A Chicago woman with roots in Nigeria was sentenced this week to 30 months in prison for playing a key role in extracting cash from the bank accounts of individuals whose prepaid payroll information was stolen in a massive 2008 breach.
Sonya Martin, 45, was part of a gang that evaded encryption on the network of RBS WorldPay's US payment processing division to compromise prepaid payroll debit cards, prosecutors have said.
The perpetrators then raised the limits on the accounts, created 44 counterfeit cards and hired a group of "cashers" to use the cards to withdraw more than $US9 million ($A8.6 million) in less than 12 hours from 2100 cash machines across 280 cities worldwide.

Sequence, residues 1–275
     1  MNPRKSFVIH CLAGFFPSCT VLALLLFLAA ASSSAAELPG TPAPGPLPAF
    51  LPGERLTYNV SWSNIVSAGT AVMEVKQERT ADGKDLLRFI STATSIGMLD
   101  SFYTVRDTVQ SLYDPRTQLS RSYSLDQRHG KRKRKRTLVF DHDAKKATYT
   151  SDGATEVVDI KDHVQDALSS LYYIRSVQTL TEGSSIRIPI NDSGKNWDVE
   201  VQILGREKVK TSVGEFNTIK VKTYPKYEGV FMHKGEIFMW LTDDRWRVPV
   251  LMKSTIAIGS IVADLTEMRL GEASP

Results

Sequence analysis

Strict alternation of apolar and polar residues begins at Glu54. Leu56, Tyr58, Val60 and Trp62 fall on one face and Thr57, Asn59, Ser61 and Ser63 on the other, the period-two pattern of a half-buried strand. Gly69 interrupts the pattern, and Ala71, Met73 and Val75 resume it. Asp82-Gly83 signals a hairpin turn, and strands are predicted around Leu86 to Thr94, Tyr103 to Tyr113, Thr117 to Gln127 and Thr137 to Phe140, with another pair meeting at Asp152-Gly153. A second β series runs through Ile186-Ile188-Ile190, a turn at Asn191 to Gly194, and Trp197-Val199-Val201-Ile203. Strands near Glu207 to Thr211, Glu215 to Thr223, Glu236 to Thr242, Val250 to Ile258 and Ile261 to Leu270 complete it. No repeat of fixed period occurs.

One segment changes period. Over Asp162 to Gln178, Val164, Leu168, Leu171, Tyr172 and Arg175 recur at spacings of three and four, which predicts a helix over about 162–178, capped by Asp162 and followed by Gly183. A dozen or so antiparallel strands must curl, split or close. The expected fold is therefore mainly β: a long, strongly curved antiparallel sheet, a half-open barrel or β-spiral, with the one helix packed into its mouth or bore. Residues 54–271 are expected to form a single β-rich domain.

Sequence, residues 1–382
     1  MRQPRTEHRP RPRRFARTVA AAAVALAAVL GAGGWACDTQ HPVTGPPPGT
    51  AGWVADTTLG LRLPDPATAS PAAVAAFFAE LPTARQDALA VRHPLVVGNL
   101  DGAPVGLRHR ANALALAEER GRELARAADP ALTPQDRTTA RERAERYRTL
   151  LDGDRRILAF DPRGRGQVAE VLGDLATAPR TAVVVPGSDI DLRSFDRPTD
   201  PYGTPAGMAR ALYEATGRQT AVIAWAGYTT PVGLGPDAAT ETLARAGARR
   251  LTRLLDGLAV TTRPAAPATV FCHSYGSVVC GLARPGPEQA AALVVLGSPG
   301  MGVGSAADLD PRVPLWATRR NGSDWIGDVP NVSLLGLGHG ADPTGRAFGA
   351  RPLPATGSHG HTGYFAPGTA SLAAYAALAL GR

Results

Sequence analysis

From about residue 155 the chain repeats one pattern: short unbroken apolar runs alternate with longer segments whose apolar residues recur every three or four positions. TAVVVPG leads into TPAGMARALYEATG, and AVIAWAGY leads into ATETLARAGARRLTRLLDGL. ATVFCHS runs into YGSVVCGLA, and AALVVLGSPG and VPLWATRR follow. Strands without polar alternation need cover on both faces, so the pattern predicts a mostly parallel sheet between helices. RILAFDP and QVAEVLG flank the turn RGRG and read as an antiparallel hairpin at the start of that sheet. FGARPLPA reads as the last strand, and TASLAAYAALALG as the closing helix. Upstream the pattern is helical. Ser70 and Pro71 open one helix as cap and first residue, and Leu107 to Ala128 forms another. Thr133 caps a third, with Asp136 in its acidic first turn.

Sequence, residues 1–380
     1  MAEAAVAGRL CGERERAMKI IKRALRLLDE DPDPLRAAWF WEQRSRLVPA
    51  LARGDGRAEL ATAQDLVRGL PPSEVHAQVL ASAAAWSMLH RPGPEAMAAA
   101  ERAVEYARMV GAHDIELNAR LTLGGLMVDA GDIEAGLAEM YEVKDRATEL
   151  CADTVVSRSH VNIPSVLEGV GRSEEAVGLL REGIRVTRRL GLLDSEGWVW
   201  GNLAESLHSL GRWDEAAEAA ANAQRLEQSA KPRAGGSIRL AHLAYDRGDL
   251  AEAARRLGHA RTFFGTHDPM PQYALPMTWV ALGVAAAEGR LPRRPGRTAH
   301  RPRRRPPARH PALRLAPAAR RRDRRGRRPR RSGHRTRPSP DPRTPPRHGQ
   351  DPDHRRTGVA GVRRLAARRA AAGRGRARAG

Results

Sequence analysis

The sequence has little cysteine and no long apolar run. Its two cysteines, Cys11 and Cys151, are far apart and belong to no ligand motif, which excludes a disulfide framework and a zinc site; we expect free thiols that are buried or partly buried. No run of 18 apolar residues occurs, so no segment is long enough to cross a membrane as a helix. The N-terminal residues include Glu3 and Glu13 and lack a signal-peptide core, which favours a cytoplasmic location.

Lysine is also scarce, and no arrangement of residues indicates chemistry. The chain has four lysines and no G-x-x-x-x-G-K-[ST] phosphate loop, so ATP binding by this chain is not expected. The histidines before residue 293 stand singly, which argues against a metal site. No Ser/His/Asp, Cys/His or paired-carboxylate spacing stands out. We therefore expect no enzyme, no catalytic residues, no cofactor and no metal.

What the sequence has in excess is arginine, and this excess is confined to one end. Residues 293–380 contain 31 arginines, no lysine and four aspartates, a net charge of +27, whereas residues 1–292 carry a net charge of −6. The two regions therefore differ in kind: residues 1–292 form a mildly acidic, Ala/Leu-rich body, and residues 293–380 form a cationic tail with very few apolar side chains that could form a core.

In total, about 1.5 million people were affected by the incident at RBS WorldPay, which now is known as WorldPay.
According to an FBI news release on Tuesday, Martin was a leader in the Chicago-based cashing contingent.
"Martin was given a payroll card number and PIN code, and manufactured counterfeit debt cards based on that information," the FBI said. "She gave the counterfeit cards to 'underlings' she recruited and supervised, and together they fraudulently withdrew approximately $US80,000 ($A76,633)."
The money was taken out from a number of ATMs in Chicago during the pre-dawn hours of 8 November, 2008. The other cashers around the globe committed their heists during those same hours.
Martin was eventually arrested in March 2011, as she was set to board a flight from New York to London.
A number of Eastern Europeans have been previously indicted and sentenced for the breach.